The gas agreement of 2009 was disputed and considered unfavorable to Ukraine. This led to the imprisonment of then Prime Minister Yulia Tymoshenko, who was the signatory to the agreement with Russia. Although signals about cheaper gas prices came in connection with the 2010 Sevastopol agreement, the conflict continued to rage. Due to a link with global energy prices, the Ukrainians had to pay more for natural gas than many other countries. In early 2013, Ukraine was ordered to pay $ 7 billion for unused gas the year before, as the agreement said the country would have to pay for a certain amount of natural gas, no matter how much it was consumed.

After the power shift in Ukraine in 2014 and the conflict over Crimea, Russia used the gas again as a weapon and demanded sharp price increases under threat of completely strangled supplies. The conflict continued despite attempts by the EU to mediate. Ukraine turned to other gas producers and stopped buying Russian gas at the end of 2015.

Disputes over the gas agreements continued to be settled in arbitration. Finally, in the new year 2019/2020, a new agreement was signed between Ukraine and Russia on transit gas to Europe, while clearing financial obligations between the gas companies that were settled in arbitration. Russia and Germany’s joint project Nord Stream with gas pipelines through the Baltic Sea worries Ukraine, as the pipelines that enable Russian exports on other roads lead to Ukraine losing transit fees. The new agreement confirms that the gas volumes transported will be more than halved over a five-year period.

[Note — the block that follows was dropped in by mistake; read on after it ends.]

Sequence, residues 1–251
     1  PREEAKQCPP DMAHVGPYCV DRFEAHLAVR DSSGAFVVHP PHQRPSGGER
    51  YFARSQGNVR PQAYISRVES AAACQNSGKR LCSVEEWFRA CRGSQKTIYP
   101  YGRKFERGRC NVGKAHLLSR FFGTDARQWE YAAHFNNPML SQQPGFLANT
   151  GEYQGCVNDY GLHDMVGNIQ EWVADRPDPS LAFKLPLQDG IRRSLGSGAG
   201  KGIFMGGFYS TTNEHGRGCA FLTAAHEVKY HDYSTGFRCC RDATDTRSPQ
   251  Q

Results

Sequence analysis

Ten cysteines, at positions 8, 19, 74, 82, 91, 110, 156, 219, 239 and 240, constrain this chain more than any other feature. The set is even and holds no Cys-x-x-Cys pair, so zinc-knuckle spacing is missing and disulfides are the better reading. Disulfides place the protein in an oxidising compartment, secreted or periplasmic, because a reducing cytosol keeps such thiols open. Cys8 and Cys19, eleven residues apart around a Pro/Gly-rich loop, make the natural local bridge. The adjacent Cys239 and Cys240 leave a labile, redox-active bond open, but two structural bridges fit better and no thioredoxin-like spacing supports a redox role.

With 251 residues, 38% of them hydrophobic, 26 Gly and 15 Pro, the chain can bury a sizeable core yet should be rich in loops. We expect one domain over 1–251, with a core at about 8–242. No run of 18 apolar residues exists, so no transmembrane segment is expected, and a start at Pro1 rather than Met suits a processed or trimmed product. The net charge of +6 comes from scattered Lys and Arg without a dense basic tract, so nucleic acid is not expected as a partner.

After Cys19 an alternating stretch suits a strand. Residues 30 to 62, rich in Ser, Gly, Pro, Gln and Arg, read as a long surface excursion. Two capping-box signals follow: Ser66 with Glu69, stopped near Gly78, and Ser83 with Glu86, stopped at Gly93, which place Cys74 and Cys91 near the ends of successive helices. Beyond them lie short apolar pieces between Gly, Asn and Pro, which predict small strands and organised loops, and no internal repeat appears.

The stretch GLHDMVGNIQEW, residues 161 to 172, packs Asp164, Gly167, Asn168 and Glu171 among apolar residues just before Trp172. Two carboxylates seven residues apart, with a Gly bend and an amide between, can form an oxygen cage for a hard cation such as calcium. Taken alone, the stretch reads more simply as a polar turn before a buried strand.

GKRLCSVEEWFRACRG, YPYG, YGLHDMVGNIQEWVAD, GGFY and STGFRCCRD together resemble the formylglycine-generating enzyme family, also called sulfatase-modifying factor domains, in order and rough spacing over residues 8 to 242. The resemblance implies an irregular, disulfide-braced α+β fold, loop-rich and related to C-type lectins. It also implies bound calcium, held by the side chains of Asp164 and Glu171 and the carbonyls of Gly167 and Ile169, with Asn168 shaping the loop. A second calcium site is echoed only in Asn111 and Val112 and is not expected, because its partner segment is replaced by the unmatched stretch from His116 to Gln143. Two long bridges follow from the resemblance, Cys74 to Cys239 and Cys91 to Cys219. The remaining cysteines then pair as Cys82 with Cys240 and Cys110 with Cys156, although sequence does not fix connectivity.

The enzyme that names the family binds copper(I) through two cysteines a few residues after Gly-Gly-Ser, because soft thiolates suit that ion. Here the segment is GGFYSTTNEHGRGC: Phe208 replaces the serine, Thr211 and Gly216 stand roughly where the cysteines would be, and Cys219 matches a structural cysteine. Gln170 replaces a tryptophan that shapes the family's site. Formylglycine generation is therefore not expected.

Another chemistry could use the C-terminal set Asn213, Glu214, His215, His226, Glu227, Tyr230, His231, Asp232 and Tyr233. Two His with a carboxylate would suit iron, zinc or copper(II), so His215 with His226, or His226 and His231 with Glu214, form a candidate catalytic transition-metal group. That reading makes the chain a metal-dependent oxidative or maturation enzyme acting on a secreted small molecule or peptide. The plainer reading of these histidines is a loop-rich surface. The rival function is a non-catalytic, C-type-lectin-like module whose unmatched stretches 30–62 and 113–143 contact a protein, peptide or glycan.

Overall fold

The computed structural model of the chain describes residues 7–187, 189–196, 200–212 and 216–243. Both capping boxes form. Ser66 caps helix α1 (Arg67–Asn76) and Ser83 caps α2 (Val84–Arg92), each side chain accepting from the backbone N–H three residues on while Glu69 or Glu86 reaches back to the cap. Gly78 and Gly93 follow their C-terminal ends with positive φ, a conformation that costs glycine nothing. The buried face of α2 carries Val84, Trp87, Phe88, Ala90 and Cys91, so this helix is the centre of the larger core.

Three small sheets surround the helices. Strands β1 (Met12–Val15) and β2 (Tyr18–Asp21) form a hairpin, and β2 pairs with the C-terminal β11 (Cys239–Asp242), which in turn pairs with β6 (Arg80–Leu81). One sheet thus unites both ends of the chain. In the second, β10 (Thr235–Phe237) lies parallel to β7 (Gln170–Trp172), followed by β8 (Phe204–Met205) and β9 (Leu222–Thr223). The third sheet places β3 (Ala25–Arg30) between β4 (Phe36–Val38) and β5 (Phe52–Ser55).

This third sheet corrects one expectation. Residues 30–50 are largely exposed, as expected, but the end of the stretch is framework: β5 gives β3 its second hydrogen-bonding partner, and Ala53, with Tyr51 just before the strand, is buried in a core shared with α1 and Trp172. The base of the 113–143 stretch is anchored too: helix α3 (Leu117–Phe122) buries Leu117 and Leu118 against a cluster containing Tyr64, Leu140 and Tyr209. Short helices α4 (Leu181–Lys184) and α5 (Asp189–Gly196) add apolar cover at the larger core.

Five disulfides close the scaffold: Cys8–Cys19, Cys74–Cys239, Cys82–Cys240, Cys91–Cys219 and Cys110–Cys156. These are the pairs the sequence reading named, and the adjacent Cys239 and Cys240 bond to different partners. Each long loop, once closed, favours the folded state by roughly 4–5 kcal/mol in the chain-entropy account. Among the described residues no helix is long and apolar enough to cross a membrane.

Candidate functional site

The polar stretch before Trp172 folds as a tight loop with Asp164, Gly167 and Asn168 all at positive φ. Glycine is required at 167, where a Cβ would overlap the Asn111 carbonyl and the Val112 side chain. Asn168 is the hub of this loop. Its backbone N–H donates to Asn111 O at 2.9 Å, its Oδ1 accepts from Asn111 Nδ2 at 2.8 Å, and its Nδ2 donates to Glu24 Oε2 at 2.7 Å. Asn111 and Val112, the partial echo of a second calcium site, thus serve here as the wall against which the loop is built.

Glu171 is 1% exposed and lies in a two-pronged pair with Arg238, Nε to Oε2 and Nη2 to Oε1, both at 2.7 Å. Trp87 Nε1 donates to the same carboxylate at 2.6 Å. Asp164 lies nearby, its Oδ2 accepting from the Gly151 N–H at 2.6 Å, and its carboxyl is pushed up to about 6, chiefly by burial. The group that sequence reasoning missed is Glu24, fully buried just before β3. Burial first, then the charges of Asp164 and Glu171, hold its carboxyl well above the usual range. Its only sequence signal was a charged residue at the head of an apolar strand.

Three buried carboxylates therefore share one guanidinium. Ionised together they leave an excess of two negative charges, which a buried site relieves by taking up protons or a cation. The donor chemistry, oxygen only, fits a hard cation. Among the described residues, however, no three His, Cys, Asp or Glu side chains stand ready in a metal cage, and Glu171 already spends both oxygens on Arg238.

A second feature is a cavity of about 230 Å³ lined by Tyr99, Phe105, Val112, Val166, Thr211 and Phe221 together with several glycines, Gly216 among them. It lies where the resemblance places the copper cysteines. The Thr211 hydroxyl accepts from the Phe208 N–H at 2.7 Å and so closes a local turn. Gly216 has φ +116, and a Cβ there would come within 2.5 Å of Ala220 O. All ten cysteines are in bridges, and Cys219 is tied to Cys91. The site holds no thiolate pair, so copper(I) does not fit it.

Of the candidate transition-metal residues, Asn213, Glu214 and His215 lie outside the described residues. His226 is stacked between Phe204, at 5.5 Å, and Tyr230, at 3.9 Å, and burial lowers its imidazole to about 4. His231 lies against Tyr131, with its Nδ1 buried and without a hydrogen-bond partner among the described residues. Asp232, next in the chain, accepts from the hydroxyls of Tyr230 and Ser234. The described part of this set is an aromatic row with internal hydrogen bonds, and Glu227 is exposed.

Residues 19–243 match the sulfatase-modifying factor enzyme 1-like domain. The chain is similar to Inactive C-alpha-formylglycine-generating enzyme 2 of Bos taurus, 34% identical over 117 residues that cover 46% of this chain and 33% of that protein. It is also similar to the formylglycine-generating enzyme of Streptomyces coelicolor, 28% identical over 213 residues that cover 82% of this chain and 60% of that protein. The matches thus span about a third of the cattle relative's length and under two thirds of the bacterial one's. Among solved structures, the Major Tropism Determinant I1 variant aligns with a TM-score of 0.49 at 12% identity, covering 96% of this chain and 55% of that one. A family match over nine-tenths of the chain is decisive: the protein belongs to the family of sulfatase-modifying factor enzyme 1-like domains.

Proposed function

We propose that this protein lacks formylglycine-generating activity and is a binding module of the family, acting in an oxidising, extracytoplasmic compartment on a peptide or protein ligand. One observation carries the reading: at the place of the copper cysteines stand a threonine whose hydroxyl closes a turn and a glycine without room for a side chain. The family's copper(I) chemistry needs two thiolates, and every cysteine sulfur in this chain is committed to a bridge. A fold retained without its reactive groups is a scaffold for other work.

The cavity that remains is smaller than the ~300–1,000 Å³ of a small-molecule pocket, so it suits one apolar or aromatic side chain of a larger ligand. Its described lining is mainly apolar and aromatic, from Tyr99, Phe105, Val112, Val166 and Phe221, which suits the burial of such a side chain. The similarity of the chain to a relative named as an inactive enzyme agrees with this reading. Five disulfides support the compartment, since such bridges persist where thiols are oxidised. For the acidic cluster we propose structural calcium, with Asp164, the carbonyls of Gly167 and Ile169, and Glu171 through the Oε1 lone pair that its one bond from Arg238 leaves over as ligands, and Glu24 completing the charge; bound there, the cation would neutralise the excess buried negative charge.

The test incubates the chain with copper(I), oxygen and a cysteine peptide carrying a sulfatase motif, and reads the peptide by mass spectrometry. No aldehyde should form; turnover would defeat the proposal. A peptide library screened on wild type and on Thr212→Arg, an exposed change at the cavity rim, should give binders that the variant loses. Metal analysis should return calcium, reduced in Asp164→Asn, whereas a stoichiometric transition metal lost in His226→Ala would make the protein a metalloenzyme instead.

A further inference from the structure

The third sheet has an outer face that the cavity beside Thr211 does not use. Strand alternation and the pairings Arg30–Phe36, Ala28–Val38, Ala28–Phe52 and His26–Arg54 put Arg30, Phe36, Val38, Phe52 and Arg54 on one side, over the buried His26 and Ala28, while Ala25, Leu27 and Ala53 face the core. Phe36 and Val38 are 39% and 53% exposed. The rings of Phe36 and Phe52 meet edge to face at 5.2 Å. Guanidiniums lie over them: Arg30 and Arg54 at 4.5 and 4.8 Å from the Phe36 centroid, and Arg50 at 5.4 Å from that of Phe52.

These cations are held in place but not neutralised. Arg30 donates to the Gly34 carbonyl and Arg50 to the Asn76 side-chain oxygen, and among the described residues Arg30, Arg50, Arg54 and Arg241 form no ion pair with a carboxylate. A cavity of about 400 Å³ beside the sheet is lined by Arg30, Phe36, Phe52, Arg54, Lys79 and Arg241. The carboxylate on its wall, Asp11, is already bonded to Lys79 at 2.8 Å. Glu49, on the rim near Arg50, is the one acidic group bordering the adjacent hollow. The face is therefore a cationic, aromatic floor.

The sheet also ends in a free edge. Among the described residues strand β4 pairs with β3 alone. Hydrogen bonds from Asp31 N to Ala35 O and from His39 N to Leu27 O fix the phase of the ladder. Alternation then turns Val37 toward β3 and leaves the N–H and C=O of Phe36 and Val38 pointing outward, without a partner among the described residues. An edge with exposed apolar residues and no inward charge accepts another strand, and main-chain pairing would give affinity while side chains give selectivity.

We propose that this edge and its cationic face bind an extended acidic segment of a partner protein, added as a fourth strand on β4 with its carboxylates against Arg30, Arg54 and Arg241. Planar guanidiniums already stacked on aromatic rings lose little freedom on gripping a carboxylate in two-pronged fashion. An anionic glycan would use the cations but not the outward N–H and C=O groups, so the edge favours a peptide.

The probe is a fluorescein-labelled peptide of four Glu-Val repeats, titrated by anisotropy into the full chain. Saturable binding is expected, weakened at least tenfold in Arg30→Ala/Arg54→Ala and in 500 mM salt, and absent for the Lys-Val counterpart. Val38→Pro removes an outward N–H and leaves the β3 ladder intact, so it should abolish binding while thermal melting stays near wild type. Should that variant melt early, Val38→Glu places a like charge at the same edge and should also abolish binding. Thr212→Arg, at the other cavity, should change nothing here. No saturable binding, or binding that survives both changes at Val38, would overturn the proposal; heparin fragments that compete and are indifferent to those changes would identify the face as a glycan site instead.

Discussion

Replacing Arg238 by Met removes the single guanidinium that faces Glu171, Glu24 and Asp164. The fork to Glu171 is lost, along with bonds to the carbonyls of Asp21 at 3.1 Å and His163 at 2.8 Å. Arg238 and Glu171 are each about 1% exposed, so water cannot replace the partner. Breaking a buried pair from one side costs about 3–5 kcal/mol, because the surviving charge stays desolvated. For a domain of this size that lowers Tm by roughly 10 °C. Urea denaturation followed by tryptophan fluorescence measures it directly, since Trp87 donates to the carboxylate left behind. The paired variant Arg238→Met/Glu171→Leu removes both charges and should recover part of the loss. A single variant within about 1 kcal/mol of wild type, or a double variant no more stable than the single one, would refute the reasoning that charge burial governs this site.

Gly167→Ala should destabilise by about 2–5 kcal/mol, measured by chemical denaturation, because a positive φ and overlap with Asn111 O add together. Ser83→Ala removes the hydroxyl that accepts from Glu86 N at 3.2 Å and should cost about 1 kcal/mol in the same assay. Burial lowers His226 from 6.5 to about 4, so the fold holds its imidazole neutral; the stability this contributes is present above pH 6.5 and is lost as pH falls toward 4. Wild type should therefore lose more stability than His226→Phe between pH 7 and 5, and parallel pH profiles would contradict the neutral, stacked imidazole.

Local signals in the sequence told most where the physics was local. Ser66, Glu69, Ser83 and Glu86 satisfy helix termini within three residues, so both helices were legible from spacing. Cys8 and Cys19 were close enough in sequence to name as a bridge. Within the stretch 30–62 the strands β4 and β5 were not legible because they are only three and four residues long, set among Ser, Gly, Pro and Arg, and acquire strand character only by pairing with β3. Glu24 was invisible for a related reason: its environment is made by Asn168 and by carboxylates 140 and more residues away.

While Russia wants Ukraine as a buffer against NATO, it is precisely this that lies between two strong military forces what Ukraine has feared. Ukraine was the first country within the post-Soviet organization US (1994) to join the NATO Partnership for Peace (PFF). In 2002, Ukraine’s leadership began to speak openly about NATO membership, and since Viktor Yushchenko became president in 2005, a dialogue began on possible future membership. However, the following domestic political turmoil in Ukraine contributed to NATO’s decision in 2008 not to proceed with an action plan for full Ukrainian membership. When Yanukovych took office as president in 2010, Ukraine put the plans for NATO membership on the shelf.

After the 2014 power shift, Ukraine renewed its ambition to become a NATO member and began close cooperation with the alliance, with joint military exercises and financial support for, among other things, modernization of communication systems and logistics, and assistance in responding to so-called cyber warfare, hostile attacks on computer systems. US and Canadian military personnel participate in training of Ukrainian soldiers.

In 2014, the Ukrainian parliament demolished the country’s official position as non-alliance and President Petro Poroshenko promised the same year a future referendum on applying for membership in NATO. The European Parliament acknowledged Ukraine’s right to apply for membership in the European Union in 2014, but in 2016, EU Commission President Jean-Claude Juncker said that Ukraine could hardly be a member of the EU or NATO for at least 20-25 years.

Donald Trump’s resignation as President of the United States in 2017 raised concerns in Ukraine because of his outspoken skepticism toward NATO and hints that the United States would not obviously come to the rescue of the Eastern European countries in a crisis. His warm tone towards Russian President Vladimir Putin fueled the concern that Ukraine should be left to its fate, but Trump has since shown greater interest in Eastern Europe (not least Poland, as an attractive buyer of US energy exports).